“There are simply too many unknowable variables that would have affected Miller’s continued employment,” Schiltz wrote. “To remain employed, she would have had to win - and she would have had to win a lot, given her very high salary. No one can know with any degree of confidence whether Miller would have been able to achieve the kind of success necessary to remain employed at UMD beyond 2020.”
With the case’s biggest unanswered question finally resolved nearly a year after the jury trial, attorneys on either side of the case expressed optimism as the case moves forward.
"We are encouraged that the judge denied the request for reinstatement and awarded plaintiff only a small fraction of the nearly $3 million she requested,” said Tim Pramas, senior associate general counsel for the University of Minnesota.
Dan Siegel, an attorney representing Miller, said the ruling was not unexpected.
“We’re pleased that the judge awarded front pay and we wish he had awarded more,” he said. “But it’s also not surprising. We have been working with Judge Schiltz on this case for a while and I think we have some understanding of his approach to issues like this, and his decision is consistent with that understanding.”
Case not closed yet
With his order, Schiltz formally entered judgment in the amount of $4,206,110 - a procedural step that will allow long-anticipated post-trial litigation to begin.
“We are not yet at the stage of the proceedings where the judge assesses the legal propriety of the verdict,” Pramas noted. “Now that this motion has been decided, it is our intent to proceed with filing post-trial motions seeking to overturn the jury verdict or at least reduce the amount of the award. Those motions are due by March 13."
Siegel said he is prepared to defend the verdict. He also intends to bring a motion seeking to force UMD to pay Miller’s attorneys’ fees and expenses involved in the litigation.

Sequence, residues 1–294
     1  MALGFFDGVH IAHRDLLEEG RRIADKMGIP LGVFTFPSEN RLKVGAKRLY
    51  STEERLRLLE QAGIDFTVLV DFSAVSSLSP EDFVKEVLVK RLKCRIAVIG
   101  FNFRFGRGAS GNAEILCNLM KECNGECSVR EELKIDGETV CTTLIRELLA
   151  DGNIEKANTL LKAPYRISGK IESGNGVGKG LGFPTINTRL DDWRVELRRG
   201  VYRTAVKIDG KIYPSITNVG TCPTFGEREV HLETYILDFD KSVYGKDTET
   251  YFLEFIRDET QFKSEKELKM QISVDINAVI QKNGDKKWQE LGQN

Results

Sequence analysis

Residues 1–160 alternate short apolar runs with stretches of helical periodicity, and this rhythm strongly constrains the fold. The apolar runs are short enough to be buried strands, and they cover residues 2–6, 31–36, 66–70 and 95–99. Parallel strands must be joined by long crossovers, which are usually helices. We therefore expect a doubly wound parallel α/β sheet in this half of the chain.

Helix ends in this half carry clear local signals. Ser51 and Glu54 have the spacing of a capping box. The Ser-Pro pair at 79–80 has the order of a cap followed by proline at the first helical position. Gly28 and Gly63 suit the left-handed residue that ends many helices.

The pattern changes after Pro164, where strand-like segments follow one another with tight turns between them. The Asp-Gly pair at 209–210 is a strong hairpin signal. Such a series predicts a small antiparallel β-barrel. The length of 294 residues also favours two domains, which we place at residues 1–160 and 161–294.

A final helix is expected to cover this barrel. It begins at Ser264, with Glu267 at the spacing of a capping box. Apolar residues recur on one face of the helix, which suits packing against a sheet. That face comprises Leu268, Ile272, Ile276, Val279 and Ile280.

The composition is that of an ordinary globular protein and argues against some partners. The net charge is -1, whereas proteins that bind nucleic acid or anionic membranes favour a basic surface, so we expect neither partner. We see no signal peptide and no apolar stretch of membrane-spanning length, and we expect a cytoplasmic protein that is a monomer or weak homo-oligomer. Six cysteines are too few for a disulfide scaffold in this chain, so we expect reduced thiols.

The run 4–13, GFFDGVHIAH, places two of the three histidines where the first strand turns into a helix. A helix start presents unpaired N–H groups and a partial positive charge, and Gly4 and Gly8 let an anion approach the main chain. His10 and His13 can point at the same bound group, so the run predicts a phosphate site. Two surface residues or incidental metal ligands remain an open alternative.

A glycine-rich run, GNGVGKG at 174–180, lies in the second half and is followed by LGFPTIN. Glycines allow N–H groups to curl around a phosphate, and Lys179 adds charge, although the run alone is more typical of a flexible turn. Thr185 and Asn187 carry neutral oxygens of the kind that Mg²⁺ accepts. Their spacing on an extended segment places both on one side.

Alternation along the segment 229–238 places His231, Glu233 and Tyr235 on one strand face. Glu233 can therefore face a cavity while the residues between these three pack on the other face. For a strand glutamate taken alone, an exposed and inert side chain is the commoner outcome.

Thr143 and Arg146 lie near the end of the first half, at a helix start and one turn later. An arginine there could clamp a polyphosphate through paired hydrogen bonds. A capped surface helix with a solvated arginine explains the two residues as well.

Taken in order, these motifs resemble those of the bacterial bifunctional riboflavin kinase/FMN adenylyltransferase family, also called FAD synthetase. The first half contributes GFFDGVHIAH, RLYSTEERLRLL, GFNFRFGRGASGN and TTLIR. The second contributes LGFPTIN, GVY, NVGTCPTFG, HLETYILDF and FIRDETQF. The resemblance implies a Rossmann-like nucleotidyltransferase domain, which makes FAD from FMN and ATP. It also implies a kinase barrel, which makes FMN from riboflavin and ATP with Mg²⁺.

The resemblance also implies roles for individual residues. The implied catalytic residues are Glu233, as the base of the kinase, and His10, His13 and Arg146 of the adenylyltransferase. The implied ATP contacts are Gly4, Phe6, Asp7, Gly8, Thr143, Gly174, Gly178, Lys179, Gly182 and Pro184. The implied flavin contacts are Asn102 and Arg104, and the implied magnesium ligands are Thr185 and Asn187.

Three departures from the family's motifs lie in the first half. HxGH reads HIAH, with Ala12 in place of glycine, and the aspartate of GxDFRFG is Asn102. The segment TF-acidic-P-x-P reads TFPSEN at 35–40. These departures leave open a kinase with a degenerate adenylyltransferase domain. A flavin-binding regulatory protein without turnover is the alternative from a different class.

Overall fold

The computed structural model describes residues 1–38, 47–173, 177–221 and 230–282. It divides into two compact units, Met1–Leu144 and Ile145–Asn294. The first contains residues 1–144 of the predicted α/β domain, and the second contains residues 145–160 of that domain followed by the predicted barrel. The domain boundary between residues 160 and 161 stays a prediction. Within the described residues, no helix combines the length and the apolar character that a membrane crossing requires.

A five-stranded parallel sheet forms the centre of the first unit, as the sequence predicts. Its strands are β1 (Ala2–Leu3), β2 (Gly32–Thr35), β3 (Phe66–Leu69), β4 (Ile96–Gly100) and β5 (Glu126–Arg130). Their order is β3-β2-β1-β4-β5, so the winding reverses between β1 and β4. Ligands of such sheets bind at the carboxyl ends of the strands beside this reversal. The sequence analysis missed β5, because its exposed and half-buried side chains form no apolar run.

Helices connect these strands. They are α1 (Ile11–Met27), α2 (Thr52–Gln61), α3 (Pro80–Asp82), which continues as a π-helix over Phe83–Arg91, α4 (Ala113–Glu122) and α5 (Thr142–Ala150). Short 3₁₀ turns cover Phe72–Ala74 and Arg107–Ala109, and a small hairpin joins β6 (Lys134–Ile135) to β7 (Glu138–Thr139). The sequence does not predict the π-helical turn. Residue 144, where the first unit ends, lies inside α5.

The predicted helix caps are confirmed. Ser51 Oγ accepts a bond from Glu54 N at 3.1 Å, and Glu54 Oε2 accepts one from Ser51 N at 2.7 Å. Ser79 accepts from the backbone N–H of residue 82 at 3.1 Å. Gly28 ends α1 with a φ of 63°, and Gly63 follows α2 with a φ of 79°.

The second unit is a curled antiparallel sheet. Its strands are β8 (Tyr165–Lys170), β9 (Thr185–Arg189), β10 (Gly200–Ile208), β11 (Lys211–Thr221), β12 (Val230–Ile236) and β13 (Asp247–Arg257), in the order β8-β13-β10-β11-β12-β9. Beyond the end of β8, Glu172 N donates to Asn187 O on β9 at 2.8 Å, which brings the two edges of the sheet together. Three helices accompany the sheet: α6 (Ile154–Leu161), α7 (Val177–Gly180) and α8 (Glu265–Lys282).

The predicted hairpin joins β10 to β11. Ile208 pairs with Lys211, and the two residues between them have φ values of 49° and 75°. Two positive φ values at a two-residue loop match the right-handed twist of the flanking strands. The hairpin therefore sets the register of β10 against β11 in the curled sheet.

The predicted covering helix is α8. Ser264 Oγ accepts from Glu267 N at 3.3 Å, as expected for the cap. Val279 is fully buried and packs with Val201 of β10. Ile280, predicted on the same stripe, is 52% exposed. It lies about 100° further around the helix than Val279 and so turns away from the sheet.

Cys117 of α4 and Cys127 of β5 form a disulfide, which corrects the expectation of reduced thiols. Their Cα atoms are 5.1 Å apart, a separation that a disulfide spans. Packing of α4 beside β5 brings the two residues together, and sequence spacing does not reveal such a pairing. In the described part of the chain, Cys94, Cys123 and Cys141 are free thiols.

Eventually, Siegel said, he anticipates filing an appeal over the dismissal of sexual orientional claims brought in federal court by Miller, former softball coach and women’s hockey operations director Jen Banford and former women’s basketball coach Annette Wiles.
While calling the orientation claims the “strongest” element of the case, Schiltz dismissed the counts due to a lack of jurisdiction under precedent of the 8th U.S. Circuit Court of Appeals. Other circuits, however, have issued contradictory rulings, and Siegel said the issue could be reversed by the appeals court or settled at the U.S. Supreme Court.
An appeal is already playing out in state court, where a district judge dismissed sexual orientation discrimination claims brought by all three women. The judge in the case said Miller could not proceed with claims similar to those already decided at the federal level and ruled that the claims were filed too late to be considered.
As UMD vows to mount a legal challenge to the verdict, Siegel said he hopes the university will simply settle the case once and for all.
“It’s a great verdict and a great result for Shannon Miller, and I hope the university will just write a check soon,” he said. “She could use money.”